The Thermal Metric (TM) project was initiated in 2007 to support good design and construction practices by improving the way thermal performance is measured. Ultimately, the project goal is to develop a metric that can capture the in-service thermal performance of whole assemblies. More accurate measurements will allow truly high-performance assemblies (of all types of construction and insulation materials) to be identified and promoted.
The Vancouver-area “leaky condo crisis” began to surface in the 1980s. An unusually large number of moisture-related problems, not only in condos but also in most building types, prompted extensive public attention and ultimately many government and industry investigations. The Vancouver Test Hut Project was initiated in 2005 to gain a deeper understanding of how different wall assemblies perform in the coastal BC climate. Results from this project help to explain why the crisis occurred and also suggest best practices for the future.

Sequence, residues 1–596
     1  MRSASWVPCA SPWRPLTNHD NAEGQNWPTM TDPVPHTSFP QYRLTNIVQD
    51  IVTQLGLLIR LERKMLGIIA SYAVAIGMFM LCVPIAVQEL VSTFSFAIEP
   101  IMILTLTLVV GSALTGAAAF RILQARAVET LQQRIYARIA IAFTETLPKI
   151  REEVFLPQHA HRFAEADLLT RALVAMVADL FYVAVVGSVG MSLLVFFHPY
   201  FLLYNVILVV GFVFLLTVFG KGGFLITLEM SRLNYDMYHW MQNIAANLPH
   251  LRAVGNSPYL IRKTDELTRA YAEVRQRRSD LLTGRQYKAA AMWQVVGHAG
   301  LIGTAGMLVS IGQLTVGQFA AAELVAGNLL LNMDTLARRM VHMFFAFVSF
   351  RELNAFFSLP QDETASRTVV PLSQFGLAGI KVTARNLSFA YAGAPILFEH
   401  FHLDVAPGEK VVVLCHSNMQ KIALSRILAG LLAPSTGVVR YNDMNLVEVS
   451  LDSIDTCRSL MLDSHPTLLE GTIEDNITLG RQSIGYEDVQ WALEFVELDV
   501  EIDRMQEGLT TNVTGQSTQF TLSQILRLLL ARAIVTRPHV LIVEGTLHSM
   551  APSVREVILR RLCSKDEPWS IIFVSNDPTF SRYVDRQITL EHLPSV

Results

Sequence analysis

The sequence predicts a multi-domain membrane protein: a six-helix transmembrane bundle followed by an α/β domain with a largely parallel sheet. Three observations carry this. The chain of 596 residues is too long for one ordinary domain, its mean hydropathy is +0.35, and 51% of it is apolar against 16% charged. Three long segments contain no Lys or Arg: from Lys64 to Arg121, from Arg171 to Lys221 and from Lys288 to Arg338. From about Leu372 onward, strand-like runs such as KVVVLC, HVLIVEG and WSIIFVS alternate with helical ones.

Masonry walls are generally highly durable. However, when masonry walls are too wet during freezing spells, freeze-thaw damage can occur. This issue has particular relevance for energy efficiency retrofits: interior insulation makes masonry colder in winter, lowering its ability to dry and increasing the penetration of freezing temperatures.
BSC Standard 01-2015 Ventilation for New Low-Rise Residential Buildings
This criterion defines the roles of and minimum requirements for mechanical ventilation systems in new low-rise residential buildings.